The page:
Kalamata OELives 170 g
The 170g jar, filled with certified organic Kalamata olives (100%). Elevated with self-harvested, single-origin, certified organic extra virgin Koroneiki olive oil, sea salt, vinegar, and oregano.
Kalamata olives: the real landmark
Kalamata, capital of the region of Messinia in the Peloponnese, is not only our home by choice, but also home to the world-famous Kalamata olives of the same name, also called Kalamon olives. Located at the end of a picturesque valley and silhouetted by the Taygetos Mountains, Kalamata boasts a network of dreamy alleys, a beautiful city beach complete with crystal clear waters, and the rustic flair of a community of farmers. But all of these unique selling points of Kalamata cannot be talked about enough to contribute to the fame of the city of 70,000 inhabitants. This is because the brown-reddish to, more rarely, black olive of the same name is responsible for this worldwide fame. Or rather, their taste.
For thousands of years it has grown and been cultivated in Kalamata and its surroundings, in varying degrees. Almost everyone has the Kalamata olive in their front yard and garden, it fills the shelves of every shop in this city and is served as a snack beforehand in almost every restaurant. Losing yourself in debates about how best to ripen, pickle, and season them can become an hour-long endeavor once you’re there. The expertise, experience and traditions of Kalamata’s families are too extensive.
Despite the fact that olives are now grown and cultivated all over the world, they originally came from the trees of the areas around Kalamata.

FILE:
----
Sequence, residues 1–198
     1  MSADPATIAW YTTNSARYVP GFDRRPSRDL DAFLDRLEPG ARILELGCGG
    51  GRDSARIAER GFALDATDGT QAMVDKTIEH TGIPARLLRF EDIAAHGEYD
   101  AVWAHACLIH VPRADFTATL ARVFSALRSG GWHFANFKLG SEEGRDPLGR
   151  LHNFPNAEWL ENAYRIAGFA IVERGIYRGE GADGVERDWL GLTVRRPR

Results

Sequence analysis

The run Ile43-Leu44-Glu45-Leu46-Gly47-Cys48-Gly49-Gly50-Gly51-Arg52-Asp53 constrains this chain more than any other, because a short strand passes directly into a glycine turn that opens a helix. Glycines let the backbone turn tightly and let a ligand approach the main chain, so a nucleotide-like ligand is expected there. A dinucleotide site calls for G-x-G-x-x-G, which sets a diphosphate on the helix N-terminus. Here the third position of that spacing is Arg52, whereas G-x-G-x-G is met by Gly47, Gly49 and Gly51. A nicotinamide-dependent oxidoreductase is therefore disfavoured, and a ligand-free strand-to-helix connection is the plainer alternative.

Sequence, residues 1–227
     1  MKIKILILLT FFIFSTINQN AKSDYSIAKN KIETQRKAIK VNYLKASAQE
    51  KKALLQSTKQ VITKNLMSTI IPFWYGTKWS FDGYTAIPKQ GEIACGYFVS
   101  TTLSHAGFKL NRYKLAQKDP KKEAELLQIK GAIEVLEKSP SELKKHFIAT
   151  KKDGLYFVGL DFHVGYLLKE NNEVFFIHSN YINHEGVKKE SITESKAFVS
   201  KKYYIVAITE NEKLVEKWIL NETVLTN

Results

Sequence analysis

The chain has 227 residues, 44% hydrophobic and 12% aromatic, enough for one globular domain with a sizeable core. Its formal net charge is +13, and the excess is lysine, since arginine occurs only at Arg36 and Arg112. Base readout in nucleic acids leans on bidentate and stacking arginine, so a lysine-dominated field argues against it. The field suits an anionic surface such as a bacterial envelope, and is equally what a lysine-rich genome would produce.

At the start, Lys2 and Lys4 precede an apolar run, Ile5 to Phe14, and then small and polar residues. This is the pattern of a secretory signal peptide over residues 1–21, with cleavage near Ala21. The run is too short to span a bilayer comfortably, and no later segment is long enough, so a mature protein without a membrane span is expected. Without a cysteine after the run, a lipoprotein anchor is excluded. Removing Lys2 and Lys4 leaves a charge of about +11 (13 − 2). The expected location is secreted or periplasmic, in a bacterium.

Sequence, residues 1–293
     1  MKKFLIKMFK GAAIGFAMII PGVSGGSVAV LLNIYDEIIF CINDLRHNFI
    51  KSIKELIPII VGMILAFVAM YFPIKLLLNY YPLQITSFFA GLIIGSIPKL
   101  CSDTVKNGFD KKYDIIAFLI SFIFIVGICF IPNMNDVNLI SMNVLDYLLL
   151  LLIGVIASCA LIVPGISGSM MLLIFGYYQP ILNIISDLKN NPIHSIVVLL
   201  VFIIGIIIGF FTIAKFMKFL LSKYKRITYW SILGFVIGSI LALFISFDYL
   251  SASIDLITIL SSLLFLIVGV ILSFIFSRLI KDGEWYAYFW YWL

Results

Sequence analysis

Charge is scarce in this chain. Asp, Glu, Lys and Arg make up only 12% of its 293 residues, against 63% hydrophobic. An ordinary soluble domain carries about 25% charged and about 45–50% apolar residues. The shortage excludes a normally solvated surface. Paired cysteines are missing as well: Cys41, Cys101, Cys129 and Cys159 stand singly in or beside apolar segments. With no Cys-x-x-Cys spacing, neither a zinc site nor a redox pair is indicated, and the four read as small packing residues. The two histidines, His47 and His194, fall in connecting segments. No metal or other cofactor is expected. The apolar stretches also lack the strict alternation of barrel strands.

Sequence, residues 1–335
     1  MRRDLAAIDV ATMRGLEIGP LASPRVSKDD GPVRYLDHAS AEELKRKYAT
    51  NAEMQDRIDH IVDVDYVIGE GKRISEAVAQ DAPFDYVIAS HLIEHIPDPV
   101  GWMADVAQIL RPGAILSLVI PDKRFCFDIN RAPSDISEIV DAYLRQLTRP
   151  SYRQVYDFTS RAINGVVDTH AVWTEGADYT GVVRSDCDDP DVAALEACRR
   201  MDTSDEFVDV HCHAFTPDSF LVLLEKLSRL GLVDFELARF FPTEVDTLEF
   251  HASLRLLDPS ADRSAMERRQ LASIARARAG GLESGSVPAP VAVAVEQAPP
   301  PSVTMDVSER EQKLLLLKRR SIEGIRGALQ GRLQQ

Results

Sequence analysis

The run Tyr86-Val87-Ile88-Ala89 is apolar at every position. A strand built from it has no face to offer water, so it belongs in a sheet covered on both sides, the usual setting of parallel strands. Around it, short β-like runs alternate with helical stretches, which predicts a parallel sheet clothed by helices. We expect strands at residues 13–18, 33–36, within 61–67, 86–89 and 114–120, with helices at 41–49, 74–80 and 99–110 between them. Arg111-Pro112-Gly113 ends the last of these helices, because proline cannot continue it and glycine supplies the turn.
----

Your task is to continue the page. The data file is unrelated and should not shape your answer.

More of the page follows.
The darkest edible olives in the world
The color spectrum of the Kalamata olive/Kalamon olive ranges from a light reddish-brown to a rich purple, to a blackish purple. This striking, versatile, yet distinctive coloration is the hallmark of this olive. These almond-shaped fruits have harder skins than numerous other varieties of olives and convince with a pleasantly strong and juicy flesh.
Within a few decades, the name of the variety also known as “Kalamon olive” has become a constant in the consumer’s perception. Whenever the subject of edible olives comes up, Kalamata olives will be associated with it and are synonymous with convincing quality and a unique taste. This welcome development does, however, pose its own risks. For example, in large-scale industrial processing today, unripe olives of all imaginable varieties are often additionally dyed black and then declared and sold as Kalamata/Kalamon olives. The only reason for this is to be able to achieve correspondingly higher sales and turnover with the product.
The fruits provide valuable ingredients
The quality of the Kalamata olive, as described above, is defined first and foremost by the content of therichness of the ingredients. It contains mineral substances such as:
- Trace elements such as iron or zinc
- Vitamins B1, B2, B6, C and E
as well as secondary plant compounds such as phenol and polyphenols. Since this richness can be seen in the natural dark purple coloration and thus the degree of ripeness, when buying olives supposedly of the Kalamata variety, it is essential to pay attention to the authenticity of the color. Numerous identical black olives in a jar indicate additional coloring on the part of the manufacturer.
The absolute proof that you have really bought Kalamata olives, you have only when you have eaten the olives. The core/stone of the olives is pointed at both the top and bottom and often shaped like a crescent moon. An undeniable characteristic of this variety of olive.